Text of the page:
Yeah–well, you know what I want to say right here?

They were right.

My own children are now adults.  I’ve lived long enough to watch the results of their own choices in their individual lives.

Daddy and Mother were right in reining me in, controlling my activities, providing careful overwatch as my creative ability became apparent.  They were ‘old-school’ enough to believe their task was not to be my friends, using ‘we’ a lot and suggesting in soft tones.  They believed God made them accountable to Himself and His Word as parents; and they took that role seriously.

I found out early on that trying to drive a wedge between them with, “Momma said…” was about as effective as trying to dissolve a concrete block in a mud puddle.  How dare they compare notes and agree on stuff?  My union needed to hear about this travesty!

Mother was always jovial, often laughing at my attempts to assert MY wants and preferences.  That always went down well. . .  Nobody who takes themselves too seriously likes being humored.  Appealing to Daddy got me no further.  He’d just lower whatever he was reading, pin me with those Boone eyes and slightly raise his eyebrows.

Oh, yeah.  Very eloquent.  What I’m trying to say is that my parents knew their stuff, understood their roles and before God did their best to raise me to know who Jesus is so I could make a choice for Him early in life.

I did.  And though they’d prepared the ground of my heart as carefully as they always prepared our garden each Spring, neither of them were there when I asked Jesus to forgive me of my sin and accepted Him as my Savior.

Across the intervening years I’ve had plenty of chances to test that choice against all the ‘fun’ my friends who’ve survived have been having.  The same is true for my adult children.  Truth?  We raised them as we’d both been raised.  Yeah.  Oppressive, overcontrolling, with way too much religious junk, forcing them to go to church with us.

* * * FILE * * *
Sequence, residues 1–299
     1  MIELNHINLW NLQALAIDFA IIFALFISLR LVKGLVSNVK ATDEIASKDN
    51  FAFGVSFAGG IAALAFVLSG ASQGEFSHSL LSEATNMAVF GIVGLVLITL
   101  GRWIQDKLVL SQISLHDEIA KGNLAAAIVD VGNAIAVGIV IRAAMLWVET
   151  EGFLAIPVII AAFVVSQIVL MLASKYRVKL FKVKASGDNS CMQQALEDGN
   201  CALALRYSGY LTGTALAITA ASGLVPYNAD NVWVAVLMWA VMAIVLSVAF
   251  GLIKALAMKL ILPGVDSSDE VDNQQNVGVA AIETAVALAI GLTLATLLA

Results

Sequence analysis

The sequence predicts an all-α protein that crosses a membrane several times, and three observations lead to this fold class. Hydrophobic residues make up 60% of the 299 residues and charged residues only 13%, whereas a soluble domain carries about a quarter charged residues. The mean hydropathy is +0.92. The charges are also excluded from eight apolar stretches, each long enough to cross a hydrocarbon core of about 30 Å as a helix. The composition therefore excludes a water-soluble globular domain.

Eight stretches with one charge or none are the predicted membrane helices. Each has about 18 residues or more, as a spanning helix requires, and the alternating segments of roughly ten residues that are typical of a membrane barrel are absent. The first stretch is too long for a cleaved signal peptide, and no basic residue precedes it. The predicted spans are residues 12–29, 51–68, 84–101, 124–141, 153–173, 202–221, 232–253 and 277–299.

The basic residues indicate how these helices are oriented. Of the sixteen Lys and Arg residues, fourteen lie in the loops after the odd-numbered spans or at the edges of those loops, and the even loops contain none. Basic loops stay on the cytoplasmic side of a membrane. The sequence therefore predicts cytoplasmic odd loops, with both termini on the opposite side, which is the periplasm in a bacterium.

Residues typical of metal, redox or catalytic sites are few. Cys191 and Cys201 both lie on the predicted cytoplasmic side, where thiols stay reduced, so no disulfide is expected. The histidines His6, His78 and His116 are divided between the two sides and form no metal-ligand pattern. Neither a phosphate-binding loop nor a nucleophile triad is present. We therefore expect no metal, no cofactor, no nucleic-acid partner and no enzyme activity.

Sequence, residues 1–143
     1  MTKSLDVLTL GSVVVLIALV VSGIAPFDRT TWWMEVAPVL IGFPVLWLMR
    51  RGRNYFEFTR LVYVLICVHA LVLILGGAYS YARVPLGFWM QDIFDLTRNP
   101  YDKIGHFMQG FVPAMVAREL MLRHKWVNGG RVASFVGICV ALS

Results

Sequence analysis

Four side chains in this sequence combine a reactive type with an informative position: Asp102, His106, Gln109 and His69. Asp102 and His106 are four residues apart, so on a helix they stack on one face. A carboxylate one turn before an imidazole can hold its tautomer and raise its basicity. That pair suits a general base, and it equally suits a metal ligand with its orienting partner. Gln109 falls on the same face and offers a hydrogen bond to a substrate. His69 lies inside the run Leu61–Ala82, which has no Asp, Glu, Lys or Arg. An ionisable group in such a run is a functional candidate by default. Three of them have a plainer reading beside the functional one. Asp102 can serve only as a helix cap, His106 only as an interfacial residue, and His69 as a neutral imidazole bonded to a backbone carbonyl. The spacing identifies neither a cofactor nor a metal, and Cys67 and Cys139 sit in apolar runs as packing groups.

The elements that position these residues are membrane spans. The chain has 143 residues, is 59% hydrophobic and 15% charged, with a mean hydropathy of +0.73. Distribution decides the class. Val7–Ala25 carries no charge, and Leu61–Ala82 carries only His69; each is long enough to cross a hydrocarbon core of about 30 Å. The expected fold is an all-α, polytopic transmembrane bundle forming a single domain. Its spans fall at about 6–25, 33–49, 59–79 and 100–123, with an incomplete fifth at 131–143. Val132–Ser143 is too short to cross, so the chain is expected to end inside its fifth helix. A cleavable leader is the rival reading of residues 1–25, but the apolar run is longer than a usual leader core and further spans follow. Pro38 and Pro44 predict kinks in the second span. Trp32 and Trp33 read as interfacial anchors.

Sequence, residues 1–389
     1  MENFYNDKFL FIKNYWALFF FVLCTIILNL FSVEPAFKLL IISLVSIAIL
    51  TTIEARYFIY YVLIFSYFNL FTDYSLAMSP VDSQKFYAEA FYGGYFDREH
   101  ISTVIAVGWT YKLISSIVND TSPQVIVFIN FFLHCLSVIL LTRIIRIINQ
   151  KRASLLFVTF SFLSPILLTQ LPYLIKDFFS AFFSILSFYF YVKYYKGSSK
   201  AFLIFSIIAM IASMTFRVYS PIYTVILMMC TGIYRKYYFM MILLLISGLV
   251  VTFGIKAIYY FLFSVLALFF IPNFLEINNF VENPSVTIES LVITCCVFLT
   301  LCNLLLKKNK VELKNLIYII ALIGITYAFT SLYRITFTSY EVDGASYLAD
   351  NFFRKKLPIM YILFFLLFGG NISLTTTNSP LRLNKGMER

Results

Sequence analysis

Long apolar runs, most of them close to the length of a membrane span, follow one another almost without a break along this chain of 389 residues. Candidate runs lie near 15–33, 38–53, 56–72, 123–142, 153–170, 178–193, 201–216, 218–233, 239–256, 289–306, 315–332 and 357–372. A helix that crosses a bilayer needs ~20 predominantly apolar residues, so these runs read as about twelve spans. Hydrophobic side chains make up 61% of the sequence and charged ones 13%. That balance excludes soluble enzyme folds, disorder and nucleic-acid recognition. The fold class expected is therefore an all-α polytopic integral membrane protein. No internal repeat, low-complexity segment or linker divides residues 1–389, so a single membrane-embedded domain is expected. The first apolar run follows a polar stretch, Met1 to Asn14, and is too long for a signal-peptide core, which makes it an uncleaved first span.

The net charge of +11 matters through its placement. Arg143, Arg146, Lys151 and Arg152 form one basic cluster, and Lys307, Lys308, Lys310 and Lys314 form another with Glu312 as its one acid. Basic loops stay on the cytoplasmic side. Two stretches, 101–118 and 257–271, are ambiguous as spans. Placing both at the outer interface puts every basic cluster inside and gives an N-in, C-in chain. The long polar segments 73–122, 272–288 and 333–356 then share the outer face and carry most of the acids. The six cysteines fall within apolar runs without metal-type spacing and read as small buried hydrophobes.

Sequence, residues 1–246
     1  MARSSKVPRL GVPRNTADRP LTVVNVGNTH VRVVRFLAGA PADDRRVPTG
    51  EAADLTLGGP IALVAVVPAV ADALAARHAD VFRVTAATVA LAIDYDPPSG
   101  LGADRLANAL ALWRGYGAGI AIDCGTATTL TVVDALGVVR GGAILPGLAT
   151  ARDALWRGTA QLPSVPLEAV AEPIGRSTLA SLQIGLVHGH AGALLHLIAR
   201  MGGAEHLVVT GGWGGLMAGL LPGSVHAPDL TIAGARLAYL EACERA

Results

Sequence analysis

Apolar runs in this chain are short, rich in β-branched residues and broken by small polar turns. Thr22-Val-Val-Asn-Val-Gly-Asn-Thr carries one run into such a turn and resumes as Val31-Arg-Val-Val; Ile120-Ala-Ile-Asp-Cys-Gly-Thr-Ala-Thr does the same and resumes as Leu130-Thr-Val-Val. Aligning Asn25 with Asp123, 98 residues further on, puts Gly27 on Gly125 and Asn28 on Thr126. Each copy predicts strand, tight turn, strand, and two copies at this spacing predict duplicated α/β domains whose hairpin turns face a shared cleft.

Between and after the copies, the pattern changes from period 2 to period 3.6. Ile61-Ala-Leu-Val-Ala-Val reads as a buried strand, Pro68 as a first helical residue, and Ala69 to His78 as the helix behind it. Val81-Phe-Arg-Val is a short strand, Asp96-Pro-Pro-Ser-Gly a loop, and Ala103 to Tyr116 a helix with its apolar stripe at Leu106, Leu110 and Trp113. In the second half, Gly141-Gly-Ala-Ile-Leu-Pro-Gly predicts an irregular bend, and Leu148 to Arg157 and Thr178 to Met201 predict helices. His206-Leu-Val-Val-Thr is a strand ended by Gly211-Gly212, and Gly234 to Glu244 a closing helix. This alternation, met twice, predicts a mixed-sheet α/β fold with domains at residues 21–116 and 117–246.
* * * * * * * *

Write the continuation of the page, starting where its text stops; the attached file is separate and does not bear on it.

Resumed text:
They’ve had trainwrecks in life just as we all do.  After all, we all make our own choices.  Trouble is, we also cannot escape the consequences of those choices.  We all face those, too.

Therefore this is the overall response in my heart as a senior adult to my parents’ habit of doing their best when I was little to always keep my head turned toward the Light.

I’m glad they had the guts to be my parents instead of my friends.  I’m thankful The Bible was their basic code of ethics, their parental training manual.  I’m grateful for the memories of never, ever sitting down to eat without thanking God for the food and for His blessings.

They could’ve shrugged it all off after raising 4 others kids, all of whom were adults.  They could’ve just let me bounce around while growing up like some kind of social/mental/psychological/spiritual pinball.

I’m so glad they didn’t.  My choices would have been disastrous, my life a series of harsh, broken experiences.  Having known a bunch of those before coming to Christ, Daddy and Mother figured the best thing they could do was raise me to stay away from as much of that as they could manage.

I’m glad they did.  I’m glad they didn’t leave weeds and predatory critters in the way as I grew up – just like they never left either of those things in any of our gardens.

So, no.  I have no bone to pick with my parents for raising me in a Christian home.

I’ve seen the outcomes in the children of those who didn’t bother.

All I can say is I’m so thankful for God’s great grace!

I’d better get this published, huh?  It’s time for little Danny to get cleaned up and head for — you know.

© D. Dean Boone, November 2014